These are hard scenes to watch, but necessary – they embed the cruelty of the system in everyone present. These tortures will stay in our memories long after the play is finished.
The play does not have a linear storyline, instead it consists of a number of scenes and stories. Two Fatmirs, one Fatmir from Kosovo (played by Kosovan actor Lirak Celaj) and one Fatmir from Albania (played by the Albanian actor Arben Derhemi), meet on a border bridge. In the play, the two people consider the other’s country to be paradise and they both want to escape. Again they are both manipulated by the media and the ideology of the regime in each country.
This bridge is the Morini Bridge, which served as a dividing bridge between the people of Albania and Kosovo for 20 years, because of a disagreement on what was Albanian and what was Yugoslav land. Here people from both countries met each other on the bridge, while supervised by authorities from both sides.
Both hold completely wrong ideas about each other’s utopic lands, something which might comply with the views that people in Kosovo and Albania still have nowadays regarding the communist regime. There are those who think that people led a far better life under Hoxha’s regime, and there are others who will forever condemn him for his crimes against Albanians. The propaganda of the media still exists and people’s ideas about reality are still divided in so many parts of the world, even today – this is another reason for the necessity of a play like this in these times.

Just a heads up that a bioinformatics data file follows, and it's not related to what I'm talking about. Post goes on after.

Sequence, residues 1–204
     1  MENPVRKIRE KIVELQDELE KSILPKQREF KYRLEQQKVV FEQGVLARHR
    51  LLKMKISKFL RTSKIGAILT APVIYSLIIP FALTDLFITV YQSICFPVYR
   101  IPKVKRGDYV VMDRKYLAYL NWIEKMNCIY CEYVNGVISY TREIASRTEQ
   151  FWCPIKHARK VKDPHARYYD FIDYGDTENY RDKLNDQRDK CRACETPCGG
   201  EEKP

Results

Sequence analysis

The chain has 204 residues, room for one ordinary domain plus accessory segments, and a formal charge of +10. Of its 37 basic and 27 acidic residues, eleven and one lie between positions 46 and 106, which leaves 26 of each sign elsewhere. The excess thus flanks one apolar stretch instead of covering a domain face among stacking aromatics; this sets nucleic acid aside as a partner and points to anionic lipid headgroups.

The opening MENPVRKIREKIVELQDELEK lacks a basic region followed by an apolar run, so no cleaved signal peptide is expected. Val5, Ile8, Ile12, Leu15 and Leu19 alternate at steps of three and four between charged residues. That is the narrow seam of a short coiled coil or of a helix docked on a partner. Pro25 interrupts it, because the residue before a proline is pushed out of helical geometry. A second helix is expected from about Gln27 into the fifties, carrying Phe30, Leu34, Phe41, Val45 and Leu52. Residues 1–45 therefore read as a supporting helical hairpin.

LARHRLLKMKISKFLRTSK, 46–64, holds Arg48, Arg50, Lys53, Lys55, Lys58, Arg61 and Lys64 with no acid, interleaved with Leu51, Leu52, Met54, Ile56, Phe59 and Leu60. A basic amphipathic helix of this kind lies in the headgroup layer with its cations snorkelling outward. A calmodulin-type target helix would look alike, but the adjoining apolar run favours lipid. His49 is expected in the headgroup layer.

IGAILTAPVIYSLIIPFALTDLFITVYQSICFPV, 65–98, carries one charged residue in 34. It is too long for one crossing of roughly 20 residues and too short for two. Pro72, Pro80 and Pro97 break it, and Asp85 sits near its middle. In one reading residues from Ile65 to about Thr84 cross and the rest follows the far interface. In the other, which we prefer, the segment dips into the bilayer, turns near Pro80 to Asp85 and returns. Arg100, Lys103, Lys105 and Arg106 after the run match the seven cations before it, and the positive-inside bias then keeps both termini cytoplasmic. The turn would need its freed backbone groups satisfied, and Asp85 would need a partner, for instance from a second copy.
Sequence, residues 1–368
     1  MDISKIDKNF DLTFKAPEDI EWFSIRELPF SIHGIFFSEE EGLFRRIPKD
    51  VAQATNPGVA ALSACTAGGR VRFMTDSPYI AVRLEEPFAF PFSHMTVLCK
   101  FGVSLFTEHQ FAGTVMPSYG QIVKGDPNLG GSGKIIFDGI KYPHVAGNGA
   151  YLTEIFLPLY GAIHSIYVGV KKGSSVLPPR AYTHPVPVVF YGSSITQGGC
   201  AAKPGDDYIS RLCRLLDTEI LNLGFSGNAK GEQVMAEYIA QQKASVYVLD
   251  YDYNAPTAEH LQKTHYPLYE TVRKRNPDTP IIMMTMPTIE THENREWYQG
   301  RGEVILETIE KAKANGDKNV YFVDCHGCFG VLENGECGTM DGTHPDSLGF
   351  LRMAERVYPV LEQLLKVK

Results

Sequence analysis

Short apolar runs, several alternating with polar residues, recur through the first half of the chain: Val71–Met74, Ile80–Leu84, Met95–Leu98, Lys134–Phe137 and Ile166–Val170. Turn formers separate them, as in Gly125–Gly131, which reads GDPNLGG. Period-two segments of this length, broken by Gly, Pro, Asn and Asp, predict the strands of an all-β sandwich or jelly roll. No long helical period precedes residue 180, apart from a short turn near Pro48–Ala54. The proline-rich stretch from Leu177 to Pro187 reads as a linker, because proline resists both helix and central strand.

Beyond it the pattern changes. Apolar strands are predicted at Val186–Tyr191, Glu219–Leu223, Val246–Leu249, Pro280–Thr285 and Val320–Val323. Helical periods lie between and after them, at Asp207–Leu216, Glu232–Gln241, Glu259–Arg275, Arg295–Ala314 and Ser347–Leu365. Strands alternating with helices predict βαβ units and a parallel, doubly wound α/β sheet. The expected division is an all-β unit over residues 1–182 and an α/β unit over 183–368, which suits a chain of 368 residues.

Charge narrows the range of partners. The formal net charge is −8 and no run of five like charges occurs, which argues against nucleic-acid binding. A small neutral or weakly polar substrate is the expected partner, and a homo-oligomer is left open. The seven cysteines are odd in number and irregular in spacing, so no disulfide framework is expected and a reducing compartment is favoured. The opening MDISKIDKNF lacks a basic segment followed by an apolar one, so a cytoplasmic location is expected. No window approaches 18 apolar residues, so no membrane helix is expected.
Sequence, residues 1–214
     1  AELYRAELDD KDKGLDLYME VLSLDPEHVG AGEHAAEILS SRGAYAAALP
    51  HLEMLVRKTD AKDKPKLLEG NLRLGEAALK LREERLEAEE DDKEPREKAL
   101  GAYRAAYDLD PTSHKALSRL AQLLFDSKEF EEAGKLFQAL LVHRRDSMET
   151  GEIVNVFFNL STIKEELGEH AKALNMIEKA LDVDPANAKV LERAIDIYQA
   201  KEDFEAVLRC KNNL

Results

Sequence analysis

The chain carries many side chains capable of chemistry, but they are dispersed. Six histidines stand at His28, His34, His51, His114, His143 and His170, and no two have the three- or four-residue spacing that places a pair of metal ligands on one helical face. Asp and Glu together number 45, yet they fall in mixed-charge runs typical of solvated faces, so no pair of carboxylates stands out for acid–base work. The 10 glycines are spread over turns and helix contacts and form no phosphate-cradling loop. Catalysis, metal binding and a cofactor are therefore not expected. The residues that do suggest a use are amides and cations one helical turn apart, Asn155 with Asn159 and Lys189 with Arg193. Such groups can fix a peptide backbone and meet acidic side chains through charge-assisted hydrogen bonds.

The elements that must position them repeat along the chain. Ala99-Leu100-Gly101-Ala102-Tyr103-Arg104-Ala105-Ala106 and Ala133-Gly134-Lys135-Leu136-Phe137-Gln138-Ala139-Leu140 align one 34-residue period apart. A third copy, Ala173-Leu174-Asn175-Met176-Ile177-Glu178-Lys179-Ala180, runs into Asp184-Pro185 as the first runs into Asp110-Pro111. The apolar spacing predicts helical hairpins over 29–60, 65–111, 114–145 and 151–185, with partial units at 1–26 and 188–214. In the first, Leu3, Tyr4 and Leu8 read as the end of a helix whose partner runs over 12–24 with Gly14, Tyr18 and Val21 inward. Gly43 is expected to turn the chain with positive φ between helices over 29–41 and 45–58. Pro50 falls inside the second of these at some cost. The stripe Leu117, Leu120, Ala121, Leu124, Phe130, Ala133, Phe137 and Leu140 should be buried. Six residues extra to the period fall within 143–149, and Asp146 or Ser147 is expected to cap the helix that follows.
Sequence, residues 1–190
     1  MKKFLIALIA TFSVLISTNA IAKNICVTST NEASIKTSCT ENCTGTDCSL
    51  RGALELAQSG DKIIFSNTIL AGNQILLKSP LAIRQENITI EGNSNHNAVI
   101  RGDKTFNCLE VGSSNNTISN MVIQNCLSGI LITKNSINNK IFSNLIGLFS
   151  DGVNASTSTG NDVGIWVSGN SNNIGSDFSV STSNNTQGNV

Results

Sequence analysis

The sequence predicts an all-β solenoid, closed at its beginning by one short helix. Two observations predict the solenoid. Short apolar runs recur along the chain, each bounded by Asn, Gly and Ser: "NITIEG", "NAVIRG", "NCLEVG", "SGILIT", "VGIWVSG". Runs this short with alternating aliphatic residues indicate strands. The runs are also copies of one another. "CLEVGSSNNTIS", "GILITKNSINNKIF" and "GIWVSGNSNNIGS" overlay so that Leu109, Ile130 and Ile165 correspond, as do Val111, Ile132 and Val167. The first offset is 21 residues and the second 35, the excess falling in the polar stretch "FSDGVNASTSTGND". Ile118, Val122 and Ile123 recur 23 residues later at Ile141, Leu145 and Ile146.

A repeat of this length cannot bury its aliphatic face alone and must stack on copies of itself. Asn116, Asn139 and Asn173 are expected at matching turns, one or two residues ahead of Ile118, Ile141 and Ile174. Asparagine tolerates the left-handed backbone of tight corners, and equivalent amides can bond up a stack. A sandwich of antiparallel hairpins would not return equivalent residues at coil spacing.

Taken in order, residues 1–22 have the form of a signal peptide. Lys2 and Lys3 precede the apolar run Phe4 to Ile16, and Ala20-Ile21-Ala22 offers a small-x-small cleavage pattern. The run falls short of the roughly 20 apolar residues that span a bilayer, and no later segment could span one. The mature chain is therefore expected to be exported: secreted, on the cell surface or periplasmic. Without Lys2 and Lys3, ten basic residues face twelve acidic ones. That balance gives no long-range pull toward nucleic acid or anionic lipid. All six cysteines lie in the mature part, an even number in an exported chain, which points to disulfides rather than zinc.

The prison scenes are disrupted when Lena appears on the stage, talking calmly and in a dream-like manner, about wanting to join her mom in heaven.
In between the tense scenes that are filled with anguish and sadness, her poetic speech is there to remind us about life and the peace we all need while we are still breathing. It also reminds us of death and its irrevocability.
But if one stops to consider the contrast between these scenes, one can notice how different they are. This peaceful scene also gives one the impression that living in that time was so horrible that one might prefer death instead. In this way, the physical space of the prison becomes a symbol of the prison-like life that many Albanians lived during Hoxha’s time, as well as the damage that such mental imprisonment does to human beings.
Writers: Agnesa Mehmeti and Ulpiane Maloku
Director: Ilir Bokshi
Music Memli Kelmendi
Lighting Skender Latifi
This article was published by SEEstage on Aug 2, 2022, and has been reposted with permission. To read the original article, click here.
This post was written by the author in their personal capacity.The opinions expressed in this article are the author’s own and do not reflect the view of The Theatre Times, their staff or collaborators.